Sunday, October 12, 2008
Alton Ellis now leading in Heaven’s choir
“Girl I’ve got a date!” sang Alton Ellis and everybody on the dance floor sang “aaaah –ah!” Alton Ellis flavoured our lives with his rich lyrics and voice. On Winford Williams’ CVM “Onstage” we learned that many of his songs were cris de coeur as he struggled with his tempestuous marriage. And so we were gifted with “I’m still in love (with you girl!)”, “Willow Tree” and “Muriel”. His was a voice appealing for peace as in “Dancecrasher”.
Below is a heart-rending comment from his also famous nephew Owen 'Blakka' Ellis as reported by Basil Walters in the Observer.
Alton Ellis hailed a musical icon
BY BASIL WALTERS Observer staff reporter firstname.lastname@example.org
Sunday, October 12, 2008
MEMBERS of the musical fraternity yesterday hailed the late Alton Ellis as a musical legend who will never be forgotten, even as they lauded him for his hard work over more than half a century.
"He always called me 'ska king'. And I always called him 'the great Mr Rock Steady'," said Derrick Morgan, one of Ellis' musical peers for more than 50 years. "A lot of shows, he and I performed in Europe together. The last show I remember he and I did was in June at the National Indoor Sports Centre in Jamaica."
Ellis, 64, lost the battle against cancer in a London hospital last Friday night.
Michael Barnett, who along with Keith Brown used to promote the longest running vintage show series called Startime, said Ellis had always been one of his biggest drawing cards.
"Alton was always a favourite artiste of the people from day one. The people just had a love affair with him," he said.
For Lloyd Parks, whose We the People band was the longest backing outfit for Startime, Ellis was a mentor. "I used to go to Studio One on Brentford Road just to look at Alton and Ken Boothe; and said 'I want to be like them'. It brought joy to me when I started backing them. That brought so much joy to me that when they started labelling me as a vintage band, I just didn't care - even though I back everybody. His passing touched me," said Parks sadly.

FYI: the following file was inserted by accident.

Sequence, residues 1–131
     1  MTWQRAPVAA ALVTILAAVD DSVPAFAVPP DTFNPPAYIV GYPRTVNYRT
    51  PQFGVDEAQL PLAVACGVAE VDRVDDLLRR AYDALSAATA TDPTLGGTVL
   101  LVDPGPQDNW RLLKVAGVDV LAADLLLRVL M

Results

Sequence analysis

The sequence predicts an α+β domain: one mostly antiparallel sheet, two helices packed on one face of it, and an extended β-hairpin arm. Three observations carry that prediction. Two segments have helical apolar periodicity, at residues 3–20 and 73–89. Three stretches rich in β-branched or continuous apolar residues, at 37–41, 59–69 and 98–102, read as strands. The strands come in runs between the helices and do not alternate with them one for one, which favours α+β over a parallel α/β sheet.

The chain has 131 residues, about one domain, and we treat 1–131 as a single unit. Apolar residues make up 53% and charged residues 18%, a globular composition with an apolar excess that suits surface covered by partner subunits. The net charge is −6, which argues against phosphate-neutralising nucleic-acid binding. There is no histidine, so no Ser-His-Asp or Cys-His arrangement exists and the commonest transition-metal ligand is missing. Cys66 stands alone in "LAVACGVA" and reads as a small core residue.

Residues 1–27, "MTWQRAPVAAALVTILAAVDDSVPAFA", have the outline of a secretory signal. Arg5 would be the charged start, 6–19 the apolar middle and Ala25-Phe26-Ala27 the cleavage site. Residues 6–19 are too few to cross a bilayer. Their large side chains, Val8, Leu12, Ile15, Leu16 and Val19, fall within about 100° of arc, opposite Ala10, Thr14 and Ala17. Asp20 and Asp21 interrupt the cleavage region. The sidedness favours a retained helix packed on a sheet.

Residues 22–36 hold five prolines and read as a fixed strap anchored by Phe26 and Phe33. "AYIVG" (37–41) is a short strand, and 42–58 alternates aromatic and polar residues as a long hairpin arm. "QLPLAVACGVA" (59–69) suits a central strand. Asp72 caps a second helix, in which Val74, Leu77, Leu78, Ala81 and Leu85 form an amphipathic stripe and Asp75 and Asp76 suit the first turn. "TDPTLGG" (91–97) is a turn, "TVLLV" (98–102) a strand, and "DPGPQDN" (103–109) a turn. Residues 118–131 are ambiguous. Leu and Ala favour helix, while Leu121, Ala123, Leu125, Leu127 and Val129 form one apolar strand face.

Minister of Information, Culture, Sports and Youth Olivia 'Babsy' Grange, for her part, extended condolences to his family, while lauding him as a reggae icon.
"Like thousands of other Jamaicans, I deeply mourned the passing of Jamaica's most famous exponent of rock steady, Alton Ellis," said Grange, adding that it was Ellis and keyboardist, the late Jackie Mittoo, who invented the rock steady beat in the mid-1960s.
One of Ellis' more enduring gems called 'Why' has been immortalised as he is said to have asked 'why' in his final moments. It is a reality that has deepened the sadness of at least one family member. "My cousin (Uncle Alton's son Clive) tell me that one of the last words he uttered was 'Why'," said Owen 'Blakka' Ellis, comedian and nephew of the trailblazing Jamaican singer. "And I'm asking the Almighty why, why so many good people have to die. I think I feel too numb to think. My heart full and my eyes too tired to cry. I was about to sleep but the news got me out of bed. Now, Uncle Alton's words are stuck in my head."
Legendary Alton Ellis passes on
published: Sunday Gleaner | October 12, 2008
ALTON ELLIS, the west Kingston balladeer who defined the lovers' rock genre, died Friday evening at age 70. The singer succumbed to a 10-month fight with lymphatic cancer.
Sandra Ellis, one of his children, told The Sunday Gleaner that her father passed away at the Hammersmith Hospital in London, where he had been receiving treatment for the past two weeks.
Ellis had been diagnosed with cancer of the lymph glands in December 2007.
No singer had more success on Jamaican charts during the 1960s than the Trench Town-born Ellis whose first hit song was Muriel, which was done with Eddie Perkins.
Throughout the 1960s, Ellis recorded a series of ska hits for rival producers Arthur 'Duke' Reid and Clement Dodd. These included Dancecrasher, Girl I've Got a Date, I'm Just a Guy and I'm Still in Love.
He immigrated to England in the early 1970s where he remained active musically. He enjoyed a career resurgence in the 1990s when there was a rocksteady revival in Jamaica and Europe.
In 2003, dancehall superstar Sean Paul and singer Sasha had a minor hit in the United States with their cover of I'm Still in Love.
Ellis, who last performed here in June, is survived by wife Judith and over 20 children.